By SAM MOORE
With this month being the 70th anniversary of the Allied landings in Normandy on D-Day, June 6, 1944, it might be an appropriate time to look at the U.S. infantry weapon that played a significant role in winning that war, the US rifle, caliber-.30, M1, sometimes called the Garand, but most often referred to by the G.I.s who carried it (including me) as simply the M1.
General George S. Patton wrote in 1945 that “In my opinion, the M1 rifle is the greatest battle implement ever devised.”
John Garand was born in 1888 in St. Remy, Quebec, not far north of the New York border, but the family moved to Connecticut 10 years later.
At age 11 the boy dropped out of school and went to work as a sweeper in a textile factory, but he was smart and mechanically inclined and did a lot of watching and learning from the plant machinists.
He became a machinist and went to work for Rhode Island tool makers, Brown and Sharpe. He also became interested in guns and began to design and make rifles in his spare time.
During World War I, Garand worked on developing a semi-automatic rifle for the U.S. Army, but the war ended before it was ready. As a result of these efforts Garand was hired by the Springfield Armory, in Massachusetts, then the primary supplier of U.S. military small arms.
Here in 1926, Garand, who had meanwhile become a U.S. citizen, perfected a semi-automatic, gas-operated, 30-06 caliber rifle. In Garand’s rifle a small part of the gas created by the explosion of the powder which propelled the bullet from the barrel and to its target was diverted through a little hole near the end of the barrel. This gas drove a piston to the rear that in turn pulled back the bolt, removing the just-fired cartridge case from the chamber and ejecting it from the breech.
A new cartridge from an 8-round clip beneath the breech was forced upward by a follower spring, and the force of the gas now being spent, another strong spring slammed the bolt forward seating the new round in the breech ready to be fired.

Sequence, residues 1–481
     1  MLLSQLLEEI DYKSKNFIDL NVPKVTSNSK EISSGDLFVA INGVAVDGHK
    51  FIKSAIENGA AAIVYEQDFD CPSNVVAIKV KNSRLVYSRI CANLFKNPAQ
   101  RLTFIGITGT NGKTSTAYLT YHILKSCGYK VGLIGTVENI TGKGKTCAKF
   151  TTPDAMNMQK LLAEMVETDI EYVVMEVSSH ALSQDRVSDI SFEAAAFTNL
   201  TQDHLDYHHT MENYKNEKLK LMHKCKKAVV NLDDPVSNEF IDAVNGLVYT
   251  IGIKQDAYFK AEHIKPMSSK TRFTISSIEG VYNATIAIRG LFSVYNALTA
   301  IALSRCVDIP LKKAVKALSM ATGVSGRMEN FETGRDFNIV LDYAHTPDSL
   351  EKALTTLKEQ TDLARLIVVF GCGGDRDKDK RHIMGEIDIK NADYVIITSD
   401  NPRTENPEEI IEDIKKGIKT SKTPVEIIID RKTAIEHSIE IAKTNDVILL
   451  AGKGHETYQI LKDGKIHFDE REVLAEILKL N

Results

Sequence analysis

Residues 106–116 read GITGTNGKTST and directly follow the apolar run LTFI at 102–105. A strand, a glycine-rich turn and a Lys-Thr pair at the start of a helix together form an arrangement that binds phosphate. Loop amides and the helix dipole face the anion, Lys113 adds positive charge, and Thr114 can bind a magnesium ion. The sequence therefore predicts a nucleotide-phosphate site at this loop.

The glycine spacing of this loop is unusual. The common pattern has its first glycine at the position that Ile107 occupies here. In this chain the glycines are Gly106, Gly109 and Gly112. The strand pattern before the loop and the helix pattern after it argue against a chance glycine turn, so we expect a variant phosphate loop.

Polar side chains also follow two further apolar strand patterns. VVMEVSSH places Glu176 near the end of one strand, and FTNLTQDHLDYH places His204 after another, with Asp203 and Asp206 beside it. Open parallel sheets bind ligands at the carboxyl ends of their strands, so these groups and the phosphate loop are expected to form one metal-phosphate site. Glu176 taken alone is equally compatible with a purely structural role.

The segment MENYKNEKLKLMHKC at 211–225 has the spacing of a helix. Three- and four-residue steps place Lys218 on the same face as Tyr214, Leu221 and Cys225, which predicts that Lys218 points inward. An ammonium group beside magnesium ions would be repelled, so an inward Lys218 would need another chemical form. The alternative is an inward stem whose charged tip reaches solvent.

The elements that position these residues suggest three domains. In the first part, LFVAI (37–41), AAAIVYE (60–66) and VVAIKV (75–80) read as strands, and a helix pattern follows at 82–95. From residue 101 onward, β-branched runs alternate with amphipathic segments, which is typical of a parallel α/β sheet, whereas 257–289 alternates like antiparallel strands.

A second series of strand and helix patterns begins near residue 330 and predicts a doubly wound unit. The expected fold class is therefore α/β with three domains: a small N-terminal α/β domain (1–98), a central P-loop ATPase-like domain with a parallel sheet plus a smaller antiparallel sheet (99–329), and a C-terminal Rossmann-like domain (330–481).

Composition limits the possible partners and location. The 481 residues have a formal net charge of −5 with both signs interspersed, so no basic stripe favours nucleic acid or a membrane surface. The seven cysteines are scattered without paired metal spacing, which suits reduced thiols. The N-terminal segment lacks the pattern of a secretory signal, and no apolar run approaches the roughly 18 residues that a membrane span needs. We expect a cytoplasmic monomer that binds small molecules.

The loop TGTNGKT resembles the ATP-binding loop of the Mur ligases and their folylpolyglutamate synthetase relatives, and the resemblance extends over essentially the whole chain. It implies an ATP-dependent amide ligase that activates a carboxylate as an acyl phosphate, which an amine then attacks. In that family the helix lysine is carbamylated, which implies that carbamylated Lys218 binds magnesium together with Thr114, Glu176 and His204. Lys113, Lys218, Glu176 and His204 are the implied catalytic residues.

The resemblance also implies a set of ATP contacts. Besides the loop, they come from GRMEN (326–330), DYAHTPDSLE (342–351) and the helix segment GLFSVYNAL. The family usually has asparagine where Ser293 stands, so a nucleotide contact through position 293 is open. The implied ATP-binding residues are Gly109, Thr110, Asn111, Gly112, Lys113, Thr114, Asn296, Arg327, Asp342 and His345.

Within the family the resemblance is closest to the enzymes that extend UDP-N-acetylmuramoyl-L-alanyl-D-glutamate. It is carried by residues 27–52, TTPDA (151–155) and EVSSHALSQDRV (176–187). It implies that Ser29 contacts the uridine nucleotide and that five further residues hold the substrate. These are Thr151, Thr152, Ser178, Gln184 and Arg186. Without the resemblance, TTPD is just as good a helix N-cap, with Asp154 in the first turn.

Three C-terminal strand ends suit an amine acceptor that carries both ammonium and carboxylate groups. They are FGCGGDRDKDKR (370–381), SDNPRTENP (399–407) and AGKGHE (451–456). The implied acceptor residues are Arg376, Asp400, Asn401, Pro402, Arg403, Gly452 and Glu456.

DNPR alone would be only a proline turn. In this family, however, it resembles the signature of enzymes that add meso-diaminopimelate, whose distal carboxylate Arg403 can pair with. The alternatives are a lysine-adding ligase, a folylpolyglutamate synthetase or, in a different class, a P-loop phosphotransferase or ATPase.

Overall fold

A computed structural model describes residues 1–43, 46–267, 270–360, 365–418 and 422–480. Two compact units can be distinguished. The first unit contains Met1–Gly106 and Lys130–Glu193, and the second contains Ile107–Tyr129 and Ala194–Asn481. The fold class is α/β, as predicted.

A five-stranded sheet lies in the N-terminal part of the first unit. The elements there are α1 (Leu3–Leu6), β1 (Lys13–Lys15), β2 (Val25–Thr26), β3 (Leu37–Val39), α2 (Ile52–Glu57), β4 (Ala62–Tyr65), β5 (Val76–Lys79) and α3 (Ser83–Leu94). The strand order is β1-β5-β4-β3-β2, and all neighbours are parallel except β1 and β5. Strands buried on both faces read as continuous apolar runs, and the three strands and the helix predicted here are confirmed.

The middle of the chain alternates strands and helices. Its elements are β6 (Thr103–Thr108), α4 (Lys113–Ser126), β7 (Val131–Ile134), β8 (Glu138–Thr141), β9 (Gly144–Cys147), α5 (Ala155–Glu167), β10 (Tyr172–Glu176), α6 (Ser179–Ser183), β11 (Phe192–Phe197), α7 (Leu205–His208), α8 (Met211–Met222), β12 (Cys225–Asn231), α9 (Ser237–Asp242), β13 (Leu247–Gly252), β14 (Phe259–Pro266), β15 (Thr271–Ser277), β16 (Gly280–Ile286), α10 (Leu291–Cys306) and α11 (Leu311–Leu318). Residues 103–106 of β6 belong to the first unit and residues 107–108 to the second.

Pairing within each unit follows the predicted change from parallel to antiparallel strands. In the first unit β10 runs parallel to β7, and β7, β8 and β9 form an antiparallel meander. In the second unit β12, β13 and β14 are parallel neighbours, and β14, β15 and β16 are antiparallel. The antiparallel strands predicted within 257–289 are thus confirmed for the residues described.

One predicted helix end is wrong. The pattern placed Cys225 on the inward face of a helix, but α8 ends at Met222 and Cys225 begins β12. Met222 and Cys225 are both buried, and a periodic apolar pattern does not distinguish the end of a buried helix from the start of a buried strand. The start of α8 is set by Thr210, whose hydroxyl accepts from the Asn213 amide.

As long as a cartridge remained in the clip, a round could be fired every time the trigger was pulled. As the eighth cartridge was fired, both the empty clip and the casing were ejected and a fresh clip could be quickly inserted.
The Garand rifle was designated in 1933 as the U.S. Army’s official rifle and in 1940 the Marine Corps adopted it as well. The M1 rifle gave the American infantry a significant leg up over foreign adversaries, armed as they all were with bolt action rifles.
With a bolt action the shooter had to manually unlock and pull the bolt to the rear, extracting and ejecting the empty cartridge casing, then push it forward chambering a new round between each shot.
In 1940 the U.S. Marine Corps tested the old standby, the bolt-action M1903 Springfield, which had been the official rifle during World War I and after, and the M1, finding that at 200 yards the M1903 averaged 14.25 shots with 13.81 hits per minute, while the M1 Garand did 22.31 shots and 22.06 hits per minute.
By 1940 only about one million M1 rifles had been produced and many U.S. units entered the war still equipped with the M1903 Springfield. Production was soon accelerated with Winchester joining Springfield in making the M1. By war’s end more than four million M1 Garand rifles were in the hands of U.S. and Allied forces.
After the war production slowed and when the Korean conflict began in 1950, more M1s were needed. The Springfield Armory couldn’t keep up with demand and were joined by Harrington & Richardson Arms Company of Worcester, Massachusetts.
Also involved was one of the largest farm equipment manufacturing companies of the day: International Harvester. Of course during time of war farm machinery builders had always produced war materials of all kinds, especially during World War II when both IH and Deere were probably handicapped in post-war farm machinery competition due to their heavy wartime commitment to making machines of war.
The Korean War contracts with IH were, however, probably the only time a non-firearm manufacturer built military small arms. International Harvester had bought a former airplane factory in Evansville, Ind., in 1945 and began to build milk coolers, refrigerators and freezers there.
The Evansville Works was chosen to make the M1 rifle, but no one there had any experience building small arms. This meant a lot of help from Springfield was imported and a lot of production difficulties were encountered. Barrels and wooden stocks from outside sources were used, but most other parts were made in house.
IH delivered the first M1 rifles in late 1952 and the last in early 1956, with a total production of more than 337,000 weapons. The M1 was officially replaced by the M14 rifle in 1957 but the venerable M1 soldiered on.
During my time in the active Army Reserve up until 1968, the M1 was still used by reserve and National Guard units. It was also carried by many foreign militaries and may still be, although inexpensive automatic weapons like the AK47 have probably made semi-automatic firearms obsolete.
M1 rifle prices are all over the map; from a beat up one for $500 to a couple of thousand for a weapon in good condition, and an IH collector would probably pay even more for a nice example stamped “International Harvester” just above the serial number, on the rear of the receiver.
The M1 rifle weighed 9 or 10 pounds and while that doesn’t sound like much, it could get pretty heavy on a long march. I remember a jokester in my unit once holding out his rifle and saying “It ain’t heavy, father, its m’ brother!”
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